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We live in a time of information abundance, which far too many of us see as information overload. With the sum total of human knowledge, past and present, at our fingertips, we’re faced with a crisis of attention: which ideas should we engage with, and why? Big Think is an evolving roadmap to the best thinking on the planet — the ideas that can help you think flexibly and act decisively in a multivariate world.

A word about Big Ideas and Themes — The architecture of Big Think

Big ideas are lenses for envisioning the future. Every article and video on bigthink.com and on our learning platforms is based on an emerging “big idea” that is significant, widely relevant, and actionable. We’re sifting the noise for the questions and insights that have the power to change all of our lives, for decades to come. For example, reverse-engineering is a big idea in that the concept is increasingly useful across multiple disciplines, from education to nanotechnology.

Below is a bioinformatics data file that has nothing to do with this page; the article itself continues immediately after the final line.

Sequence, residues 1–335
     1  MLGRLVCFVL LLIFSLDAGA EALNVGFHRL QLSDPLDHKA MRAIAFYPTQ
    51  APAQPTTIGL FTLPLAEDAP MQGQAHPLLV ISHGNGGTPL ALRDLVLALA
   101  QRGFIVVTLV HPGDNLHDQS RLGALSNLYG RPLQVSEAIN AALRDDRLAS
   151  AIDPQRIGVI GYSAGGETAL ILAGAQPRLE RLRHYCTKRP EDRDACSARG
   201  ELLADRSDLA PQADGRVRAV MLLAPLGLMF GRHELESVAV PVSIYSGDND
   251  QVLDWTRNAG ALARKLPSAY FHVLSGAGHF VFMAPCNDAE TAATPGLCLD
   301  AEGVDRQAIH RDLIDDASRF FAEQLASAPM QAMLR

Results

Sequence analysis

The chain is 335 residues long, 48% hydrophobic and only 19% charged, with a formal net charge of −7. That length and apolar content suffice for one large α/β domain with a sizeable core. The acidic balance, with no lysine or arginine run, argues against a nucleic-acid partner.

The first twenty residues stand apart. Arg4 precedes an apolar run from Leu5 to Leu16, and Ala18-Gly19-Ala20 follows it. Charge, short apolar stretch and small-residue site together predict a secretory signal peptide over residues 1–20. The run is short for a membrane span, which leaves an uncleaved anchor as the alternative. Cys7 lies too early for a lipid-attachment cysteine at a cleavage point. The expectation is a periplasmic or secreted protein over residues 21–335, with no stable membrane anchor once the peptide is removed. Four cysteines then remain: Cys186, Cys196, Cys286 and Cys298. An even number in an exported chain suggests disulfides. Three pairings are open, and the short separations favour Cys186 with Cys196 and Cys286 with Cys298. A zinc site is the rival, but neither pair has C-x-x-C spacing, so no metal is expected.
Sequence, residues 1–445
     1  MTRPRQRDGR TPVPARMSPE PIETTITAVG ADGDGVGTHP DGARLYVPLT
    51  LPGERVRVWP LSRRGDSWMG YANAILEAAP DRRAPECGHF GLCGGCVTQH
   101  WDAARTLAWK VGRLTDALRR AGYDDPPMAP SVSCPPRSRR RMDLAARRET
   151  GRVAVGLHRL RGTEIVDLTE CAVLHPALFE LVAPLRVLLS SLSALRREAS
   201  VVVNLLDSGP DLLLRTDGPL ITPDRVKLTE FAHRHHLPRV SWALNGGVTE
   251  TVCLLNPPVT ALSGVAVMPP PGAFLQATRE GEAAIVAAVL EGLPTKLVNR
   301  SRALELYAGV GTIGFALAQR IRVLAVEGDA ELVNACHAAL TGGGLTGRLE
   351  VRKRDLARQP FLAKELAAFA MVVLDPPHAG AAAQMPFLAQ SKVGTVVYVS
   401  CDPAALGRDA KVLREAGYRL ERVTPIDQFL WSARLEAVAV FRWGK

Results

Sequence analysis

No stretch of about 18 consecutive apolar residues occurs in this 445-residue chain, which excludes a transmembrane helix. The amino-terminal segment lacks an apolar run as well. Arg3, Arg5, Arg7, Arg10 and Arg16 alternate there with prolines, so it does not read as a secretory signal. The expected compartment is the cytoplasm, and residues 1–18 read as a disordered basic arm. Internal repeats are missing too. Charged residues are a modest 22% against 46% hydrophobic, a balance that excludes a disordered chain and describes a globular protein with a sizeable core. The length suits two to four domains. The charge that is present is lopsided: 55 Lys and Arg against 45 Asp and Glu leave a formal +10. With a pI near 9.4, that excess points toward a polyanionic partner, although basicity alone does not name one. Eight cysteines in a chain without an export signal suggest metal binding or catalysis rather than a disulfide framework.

Themes are the seven broad umbrellas under which we organize the hundreds of big ideas that populate Big Think. They include New World Order, Earth and Beyond, 21st Century Living, Going Mental, Extreme Biology, Power and Influence, and Inventing the Future.

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Do Cellphones Brings Us Together or Pull Us Apart?

August 6, 2007, 4:00 AM
Are you an information technology optimist or skeptic? Chances are, if you are a regular blog reader or poster, you fall in the former category. Yet ever feel like all that time you spend online might be displacing time spent in more meaningful face-to-face interactions? Are the social relationships forged via Web 2.0 and various mobile phone innovations really as quality as real world conversations? At American University, it's a question I ask my sophomore-level class on Communication & Society to research and debate every semester. (This past semester's debate is available here.)

On Saturday, the NY Times spotlighted similar questions in a front page Business section feature on cell phone use and networks. The article argues that the free minutes that mobile carriers allow for calls within their network is dividing the people who share informal bonds and bringing together those who have formal networks of cellphone "friends."
 

Do Cellphones Brings Us Tog...

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